Proposed Rule Issued by CMS Modifies Requirements for LTC Facilities Participating in Medicare and Medicaid Programs

As previously discussed here on our Health Industry Washington Watch blog, CMS is publishing a notice extending by 30 days the comment period for its July 16, 2015 proposed rule entitled “Reform of Requirements for Long-Term Care Facilities.” The revisions of the “Proposed Rule” indicate an increased cost of $729 million in the first year (or an estimated $46,491 per facility) and would cost approximately $638 million in the second and subsequent years (or $40,685 per facility).  Given the substantial costs estimated by CMS in the Proposed Rule and the scope and sometimes highly-detailed and arduous provisions, comments have been extended from September 14, 2015 until October 14, 2015.

For more information on CMS’ modified requirements of the “Proposed Rule” and the implications it may have for LTC facilities participating in Medicare and Medicaid programs, read the full Client Alert written by Carol Loepere, Daniel Cody, Susan Edwards, Jacquelyn Godin and Vicki Morris.

Preparing for a HIPAA Data Breach: Easy Steps to Ensure “Breach Readiness”

The 2013 changes to HIPAA’s privacy and security regulations in combination with the government’s bolstered approach to compliance and enforcement reinforces the need for health care providers to remain focused on preparing for the inevitable likelihood that privacy or security issues will occur. With the number of significant data breaches expected to rise, it is critical that hospitals, health systems and other health care providers plan ahead and have a compliance program in place to quickly and appropriately respond when a breach occurs. As outlined in “Are You Prepared if the Next Big HIPAA Breach Happens to You,” Reed Smith attorney Brad Rostolsky outlines the key steps providers should take to ensure they are appropriately prepared:

  1. Be prepared to respond quickly
  2. Get the right (internal and external) team in place
  3. Make sure there is insurance for everything
  4. Pick the low-hanging fruit

For more details on these key steps, read the full article.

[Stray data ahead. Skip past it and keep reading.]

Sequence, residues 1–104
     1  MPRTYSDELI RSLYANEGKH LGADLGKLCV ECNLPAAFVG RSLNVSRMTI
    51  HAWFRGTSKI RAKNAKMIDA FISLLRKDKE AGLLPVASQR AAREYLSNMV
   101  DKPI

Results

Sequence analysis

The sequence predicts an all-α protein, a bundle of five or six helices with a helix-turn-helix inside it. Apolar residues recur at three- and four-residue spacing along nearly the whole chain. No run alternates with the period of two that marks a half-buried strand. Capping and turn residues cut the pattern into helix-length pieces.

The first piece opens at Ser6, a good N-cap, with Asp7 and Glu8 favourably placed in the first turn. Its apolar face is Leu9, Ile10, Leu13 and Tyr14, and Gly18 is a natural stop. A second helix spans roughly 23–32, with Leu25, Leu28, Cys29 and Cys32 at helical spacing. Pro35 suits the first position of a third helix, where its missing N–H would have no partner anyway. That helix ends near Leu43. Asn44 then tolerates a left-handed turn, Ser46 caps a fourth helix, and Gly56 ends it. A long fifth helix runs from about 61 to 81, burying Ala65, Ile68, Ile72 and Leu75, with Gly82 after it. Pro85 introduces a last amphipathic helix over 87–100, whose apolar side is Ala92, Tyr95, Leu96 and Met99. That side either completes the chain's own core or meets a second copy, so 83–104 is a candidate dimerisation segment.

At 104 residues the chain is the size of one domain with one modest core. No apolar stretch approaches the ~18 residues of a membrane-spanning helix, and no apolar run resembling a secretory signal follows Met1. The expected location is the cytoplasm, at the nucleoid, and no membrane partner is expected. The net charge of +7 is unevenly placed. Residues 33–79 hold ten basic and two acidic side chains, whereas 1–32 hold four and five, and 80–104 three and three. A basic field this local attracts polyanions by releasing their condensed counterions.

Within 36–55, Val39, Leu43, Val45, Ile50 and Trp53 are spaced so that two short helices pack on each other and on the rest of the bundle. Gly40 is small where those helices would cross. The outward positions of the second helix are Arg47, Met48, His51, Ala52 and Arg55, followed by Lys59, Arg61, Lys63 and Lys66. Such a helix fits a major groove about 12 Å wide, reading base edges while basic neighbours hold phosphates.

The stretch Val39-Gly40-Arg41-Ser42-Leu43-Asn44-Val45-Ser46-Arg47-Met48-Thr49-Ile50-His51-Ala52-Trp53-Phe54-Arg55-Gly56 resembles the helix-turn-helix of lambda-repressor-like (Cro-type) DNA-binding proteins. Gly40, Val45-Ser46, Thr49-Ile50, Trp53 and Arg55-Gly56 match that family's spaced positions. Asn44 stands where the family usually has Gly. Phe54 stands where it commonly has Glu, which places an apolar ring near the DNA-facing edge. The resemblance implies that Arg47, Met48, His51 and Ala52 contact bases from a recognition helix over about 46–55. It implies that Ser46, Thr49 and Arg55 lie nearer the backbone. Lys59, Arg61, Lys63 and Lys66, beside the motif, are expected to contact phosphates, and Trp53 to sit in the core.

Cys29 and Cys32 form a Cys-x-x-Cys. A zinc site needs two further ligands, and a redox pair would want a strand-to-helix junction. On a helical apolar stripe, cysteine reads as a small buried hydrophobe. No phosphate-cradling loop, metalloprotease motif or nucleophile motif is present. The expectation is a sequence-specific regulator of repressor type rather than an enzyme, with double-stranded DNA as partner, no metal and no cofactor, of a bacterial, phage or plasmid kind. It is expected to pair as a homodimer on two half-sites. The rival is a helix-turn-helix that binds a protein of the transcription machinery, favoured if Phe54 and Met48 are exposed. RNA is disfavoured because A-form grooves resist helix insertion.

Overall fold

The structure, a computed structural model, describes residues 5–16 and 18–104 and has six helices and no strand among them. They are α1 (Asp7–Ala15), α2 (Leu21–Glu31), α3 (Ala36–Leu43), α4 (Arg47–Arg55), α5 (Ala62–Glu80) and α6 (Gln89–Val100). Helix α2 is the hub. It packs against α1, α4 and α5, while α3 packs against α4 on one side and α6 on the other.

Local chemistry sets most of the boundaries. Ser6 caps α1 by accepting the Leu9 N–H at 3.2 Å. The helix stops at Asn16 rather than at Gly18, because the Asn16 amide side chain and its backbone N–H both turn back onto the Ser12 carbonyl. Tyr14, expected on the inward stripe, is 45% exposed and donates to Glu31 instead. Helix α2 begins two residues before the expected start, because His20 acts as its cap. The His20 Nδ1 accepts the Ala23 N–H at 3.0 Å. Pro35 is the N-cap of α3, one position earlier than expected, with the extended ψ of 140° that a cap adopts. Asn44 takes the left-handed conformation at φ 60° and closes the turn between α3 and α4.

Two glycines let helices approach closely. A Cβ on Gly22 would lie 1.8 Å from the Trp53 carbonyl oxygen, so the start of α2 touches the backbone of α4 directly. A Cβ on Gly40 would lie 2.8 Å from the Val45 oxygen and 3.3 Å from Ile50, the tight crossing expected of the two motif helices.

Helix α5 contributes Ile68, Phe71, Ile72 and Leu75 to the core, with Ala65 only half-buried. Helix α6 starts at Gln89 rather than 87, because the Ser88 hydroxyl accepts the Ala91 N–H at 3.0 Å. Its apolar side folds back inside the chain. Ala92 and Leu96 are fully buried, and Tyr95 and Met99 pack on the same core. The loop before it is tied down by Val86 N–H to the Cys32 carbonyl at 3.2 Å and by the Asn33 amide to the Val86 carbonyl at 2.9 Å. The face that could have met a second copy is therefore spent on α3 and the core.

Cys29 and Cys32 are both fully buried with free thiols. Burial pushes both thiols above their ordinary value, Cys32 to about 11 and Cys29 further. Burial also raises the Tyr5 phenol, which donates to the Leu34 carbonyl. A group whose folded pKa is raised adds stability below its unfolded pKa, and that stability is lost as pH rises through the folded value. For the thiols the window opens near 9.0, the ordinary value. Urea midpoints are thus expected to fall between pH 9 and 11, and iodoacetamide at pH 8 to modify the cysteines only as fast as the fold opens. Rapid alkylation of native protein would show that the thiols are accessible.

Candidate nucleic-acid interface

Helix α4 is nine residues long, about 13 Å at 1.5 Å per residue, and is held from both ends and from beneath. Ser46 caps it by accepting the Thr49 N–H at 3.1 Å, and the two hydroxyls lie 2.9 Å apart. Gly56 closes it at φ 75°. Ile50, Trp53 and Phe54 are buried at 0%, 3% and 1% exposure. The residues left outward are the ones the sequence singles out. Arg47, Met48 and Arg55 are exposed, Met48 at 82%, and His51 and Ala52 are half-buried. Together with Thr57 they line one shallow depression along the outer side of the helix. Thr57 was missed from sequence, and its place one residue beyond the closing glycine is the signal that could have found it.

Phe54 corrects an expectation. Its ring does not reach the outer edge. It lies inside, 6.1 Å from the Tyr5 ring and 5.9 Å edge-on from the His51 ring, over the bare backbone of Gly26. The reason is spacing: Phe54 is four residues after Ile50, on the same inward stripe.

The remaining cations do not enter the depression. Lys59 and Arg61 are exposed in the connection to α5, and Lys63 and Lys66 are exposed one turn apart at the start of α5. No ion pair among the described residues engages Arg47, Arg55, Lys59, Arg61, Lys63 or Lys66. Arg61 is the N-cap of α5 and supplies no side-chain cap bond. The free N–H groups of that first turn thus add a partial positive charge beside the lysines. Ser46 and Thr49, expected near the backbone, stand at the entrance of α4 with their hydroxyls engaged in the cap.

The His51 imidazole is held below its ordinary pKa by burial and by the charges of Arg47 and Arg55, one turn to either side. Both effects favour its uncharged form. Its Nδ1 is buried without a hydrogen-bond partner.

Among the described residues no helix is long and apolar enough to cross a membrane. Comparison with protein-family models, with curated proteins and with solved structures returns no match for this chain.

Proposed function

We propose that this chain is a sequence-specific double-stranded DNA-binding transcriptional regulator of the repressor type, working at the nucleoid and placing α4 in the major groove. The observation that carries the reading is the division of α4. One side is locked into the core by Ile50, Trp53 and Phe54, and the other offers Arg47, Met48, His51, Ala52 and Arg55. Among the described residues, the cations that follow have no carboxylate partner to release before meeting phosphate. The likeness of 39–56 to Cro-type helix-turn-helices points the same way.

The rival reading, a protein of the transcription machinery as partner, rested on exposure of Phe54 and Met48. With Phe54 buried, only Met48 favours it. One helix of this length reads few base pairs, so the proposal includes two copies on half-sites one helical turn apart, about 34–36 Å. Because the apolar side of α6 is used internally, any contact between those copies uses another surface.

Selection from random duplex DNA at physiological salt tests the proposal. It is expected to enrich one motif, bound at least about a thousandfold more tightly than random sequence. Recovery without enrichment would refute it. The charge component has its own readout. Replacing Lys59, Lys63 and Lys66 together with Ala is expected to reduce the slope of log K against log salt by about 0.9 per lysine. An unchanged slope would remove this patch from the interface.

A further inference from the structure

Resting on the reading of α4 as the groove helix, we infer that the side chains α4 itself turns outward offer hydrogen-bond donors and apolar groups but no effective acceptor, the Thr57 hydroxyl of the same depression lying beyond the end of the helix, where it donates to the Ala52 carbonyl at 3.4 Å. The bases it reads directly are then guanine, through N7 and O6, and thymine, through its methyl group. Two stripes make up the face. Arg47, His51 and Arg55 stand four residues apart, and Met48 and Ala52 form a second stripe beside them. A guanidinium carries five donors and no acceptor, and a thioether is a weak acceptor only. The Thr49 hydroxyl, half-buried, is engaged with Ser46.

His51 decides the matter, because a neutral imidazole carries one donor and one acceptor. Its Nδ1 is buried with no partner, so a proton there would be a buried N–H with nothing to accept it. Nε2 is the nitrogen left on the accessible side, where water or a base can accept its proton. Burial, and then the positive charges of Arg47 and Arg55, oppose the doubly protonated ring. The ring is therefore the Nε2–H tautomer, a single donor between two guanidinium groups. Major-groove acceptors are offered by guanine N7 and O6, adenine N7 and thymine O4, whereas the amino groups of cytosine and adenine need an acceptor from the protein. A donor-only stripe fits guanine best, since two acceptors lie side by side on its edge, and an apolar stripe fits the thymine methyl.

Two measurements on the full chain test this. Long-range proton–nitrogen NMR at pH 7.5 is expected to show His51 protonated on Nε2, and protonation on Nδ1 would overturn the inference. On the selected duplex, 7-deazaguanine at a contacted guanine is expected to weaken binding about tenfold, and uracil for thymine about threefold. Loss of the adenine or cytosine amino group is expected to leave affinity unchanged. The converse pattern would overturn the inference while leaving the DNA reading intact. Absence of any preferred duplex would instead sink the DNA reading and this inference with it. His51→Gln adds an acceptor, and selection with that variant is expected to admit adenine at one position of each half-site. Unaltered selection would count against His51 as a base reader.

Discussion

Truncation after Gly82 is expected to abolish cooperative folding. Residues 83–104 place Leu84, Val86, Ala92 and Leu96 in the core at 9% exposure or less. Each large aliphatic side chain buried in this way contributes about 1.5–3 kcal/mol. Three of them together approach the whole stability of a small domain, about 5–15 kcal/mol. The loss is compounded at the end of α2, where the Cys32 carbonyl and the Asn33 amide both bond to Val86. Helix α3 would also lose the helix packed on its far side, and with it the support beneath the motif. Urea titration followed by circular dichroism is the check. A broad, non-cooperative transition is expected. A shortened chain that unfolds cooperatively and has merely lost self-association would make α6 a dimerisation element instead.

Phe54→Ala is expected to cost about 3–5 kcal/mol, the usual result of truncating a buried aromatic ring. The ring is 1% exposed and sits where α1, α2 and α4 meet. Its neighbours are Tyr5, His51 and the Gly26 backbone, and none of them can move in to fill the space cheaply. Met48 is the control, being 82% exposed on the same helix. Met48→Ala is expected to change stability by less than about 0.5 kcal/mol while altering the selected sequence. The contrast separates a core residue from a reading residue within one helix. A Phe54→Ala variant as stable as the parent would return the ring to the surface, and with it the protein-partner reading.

Cure of Security Rule Violations Following Breach of EPHI Cannot Save Covered Entities from $750,000 Settlement; Non-Breach Related Security Complaint Leads to $218,000 HIPAA Settlement

More than three years after the Cancer Care Group, P.C. (“CCG”) notified the U.S. Department of Health and Human Services (“HHS”) Office for Civil Rights (“OCR”) of a breach of unsecured electronic protected health information (“ePHI”), the radiation oncology private practice settled and implemented a corrective action plan (“CAP”) with OCR for $750,000. This settlement comes on the heels of another July 2015 settlement involving St. Elizabeth’s Medical Center (“SEMC”), a tertiary care hospital in Brighton, Massachusetts. St. Elizabeth’s entered in a settlement agreement and CAP with OCR for $218,400 arising from two HIPAA unrelated incidents, one non-breach incident in November 2012 and a breach in August 2014.

The enforcement actions related to both CCG and SEMC are discussed below and reinforce the importance of implementing appropriate safeguards and policies and procedures to secure ePHI.

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Attention Out-of-State Plaintiffs: The Tour Ends Here. Next Stop, Home

Last year, the Supreme Court sent a resounding message regarding personal jurisdiction when it decided Daimler AG v. Bauman, 134 S.Ct. 746, 752 (2014).  Bauman announced a significantly more stringent standard for finding a corporation to be “essentially at home” in a foreign jurisdiction and, as a result, made personal jurisdiction harder to establish in courts outside the state of a company’s place of incorporation or principal place of business.  For more discussions about Bauman and its effect, see our prior posts here or those over at the Drug and Device Law blog.